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Bush Policy Encourages Anti-American Sentiment
By Denise Magditch

Ever since September 11, 2001, the Bush administration has fostered suspicion among the citizens of the United States with their "War on Terror". Immediately after the war and beyond, anyone who looks, acts or might think like a foreigner could be a terrorist. The Bush administration has scared the American public into fearing their own neighbors. Americans began wondering: if someone is different, will they attack? What happens when a power-hungry administration turns its people upon one of its own officers?

Captain James Yee, a Chinese-American Muslim chaplain in the United States military, was accused of, among other things, espionage. He had been attending to Iraqi prisoners as a clergyman at a U.S. prison on Guantanamo Bay, when he came under suspicion of possibly assisting the terrorists. He was arrested on September 10th, 2003 in Jacksonville, Florida when he was coming home on leave. Yee was then sent to a military brig in Charleston, South Carolina. Detained for 76 days with no evidence of spy activity coming to light, the charges were whittled down to simply mishandling classified documents. Tossing in a little legal spice, accusations flew that Yee had pornography on his computer and had committed adultery with a female officer. Both of these added charges are embarrassing to a military officer, as it is considered conduct unbecoming of a military officer of the United States.1 By March, all the charges had been dropped and Yee was free to go. He still faced the possibility of a minor pay cut or duty restrictions. Nothing was ever found to prove that any of the charges had been accurate.

It is true, however, that Captain James Yee was certified as a Muslim imam by the Graduate School of Islamic and Social Sciences.2 It is also true that Yee’s religious credentials were also endorsed by the American Muslim Council’s Armed Forces and Veterans Affairs Office.3 This, however, is not enough to wrongfully imprison an officer of our own army for 76 days and then return him home to his wife, Huda, and their four-year-old daughter, Sarah, with an "I’m sorry." The Bush administration, with the war on terror that they have so righteously upheld, has helped to commit this humiliating blunder. "I think it's quite disgraceful that this officer's reputation was tarnished in a way that can probably never be repaired because of that," Eugene Fidell, Yee’s defense attorney, said.1 This has happened before.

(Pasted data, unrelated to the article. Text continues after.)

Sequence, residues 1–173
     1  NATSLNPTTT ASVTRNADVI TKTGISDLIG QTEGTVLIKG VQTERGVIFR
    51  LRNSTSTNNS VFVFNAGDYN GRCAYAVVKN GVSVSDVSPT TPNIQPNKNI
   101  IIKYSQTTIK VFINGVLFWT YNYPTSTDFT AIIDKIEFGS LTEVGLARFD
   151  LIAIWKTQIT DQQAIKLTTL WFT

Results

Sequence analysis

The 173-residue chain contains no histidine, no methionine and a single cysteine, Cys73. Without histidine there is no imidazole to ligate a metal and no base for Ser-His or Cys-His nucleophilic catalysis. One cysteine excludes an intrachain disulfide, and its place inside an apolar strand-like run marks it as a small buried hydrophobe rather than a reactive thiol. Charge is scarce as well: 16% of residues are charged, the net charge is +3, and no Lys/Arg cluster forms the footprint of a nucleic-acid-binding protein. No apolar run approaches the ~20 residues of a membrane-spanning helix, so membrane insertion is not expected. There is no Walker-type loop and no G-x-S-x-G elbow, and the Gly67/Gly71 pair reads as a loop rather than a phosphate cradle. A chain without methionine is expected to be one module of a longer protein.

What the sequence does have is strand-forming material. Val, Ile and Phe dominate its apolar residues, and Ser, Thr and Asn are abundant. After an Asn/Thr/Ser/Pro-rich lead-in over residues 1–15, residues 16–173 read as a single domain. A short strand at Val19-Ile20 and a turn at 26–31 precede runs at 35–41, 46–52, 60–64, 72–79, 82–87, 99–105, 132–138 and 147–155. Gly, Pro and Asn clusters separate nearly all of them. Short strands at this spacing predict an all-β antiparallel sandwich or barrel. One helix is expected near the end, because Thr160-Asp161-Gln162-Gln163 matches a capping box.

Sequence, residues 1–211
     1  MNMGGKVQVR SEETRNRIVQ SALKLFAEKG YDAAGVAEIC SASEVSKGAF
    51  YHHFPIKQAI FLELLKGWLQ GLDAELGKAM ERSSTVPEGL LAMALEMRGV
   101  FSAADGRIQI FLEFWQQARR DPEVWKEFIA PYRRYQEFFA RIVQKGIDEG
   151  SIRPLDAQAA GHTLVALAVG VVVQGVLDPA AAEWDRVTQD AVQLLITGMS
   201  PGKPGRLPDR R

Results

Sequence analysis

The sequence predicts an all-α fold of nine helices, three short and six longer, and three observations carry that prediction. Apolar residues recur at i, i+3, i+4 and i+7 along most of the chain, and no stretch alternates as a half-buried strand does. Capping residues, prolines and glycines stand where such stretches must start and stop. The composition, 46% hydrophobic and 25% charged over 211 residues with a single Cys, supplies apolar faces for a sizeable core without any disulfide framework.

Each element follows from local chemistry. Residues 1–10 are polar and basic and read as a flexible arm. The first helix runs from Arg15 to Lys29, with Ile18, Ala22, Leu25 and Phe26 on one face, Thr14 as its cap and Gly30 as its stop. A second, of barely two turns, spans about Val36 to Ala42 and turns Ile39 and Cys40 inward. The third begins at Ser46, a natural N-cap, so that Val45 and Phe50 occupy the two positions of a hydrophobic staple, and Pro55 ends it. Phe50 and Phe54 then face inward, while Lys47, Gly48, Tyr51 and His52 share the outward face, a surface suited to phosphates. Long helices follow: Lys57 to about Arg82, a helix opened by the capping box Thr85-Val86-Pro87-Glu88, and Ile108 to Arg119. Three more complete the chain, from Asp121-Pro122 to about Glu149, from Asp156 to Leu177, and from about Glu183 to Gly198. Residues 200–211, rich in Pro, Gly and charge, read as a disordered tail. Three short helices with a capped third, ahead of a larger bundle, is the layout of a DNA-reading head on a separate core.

Consider the case of Wen Ho Lee, a military scientist who worked for the Los Alamos National Laboratory in New Mexico. In 1999, Lee was arrested and detained for allegedly stealing secrets on nuclear-weapons design. No further evidence was obtained, and Lee was set free. Lee, like Captain James Yee, was a prisoner solely based upon a suspicion. Unfortunately, these are not isolated cases. In between 70-90% of detainees and prisoners are wrongfully arrested and imprisoned, kept from their country and family.

The Bush administration has gone too far to keep the American public fearful of their neighbors. It is time that peace and truth take the place of fear.


1 Muslim Chaplain Faces Army Hearing, www.cnn.com, 30 January 2004
2 Islamic Clerics at Guantanamo: Worrisome Ties, Newsweek, 27 September 2003
3 Islamic Clerics at Guantanamo: Worrisome Ties, Newsweek, 27 September 2003

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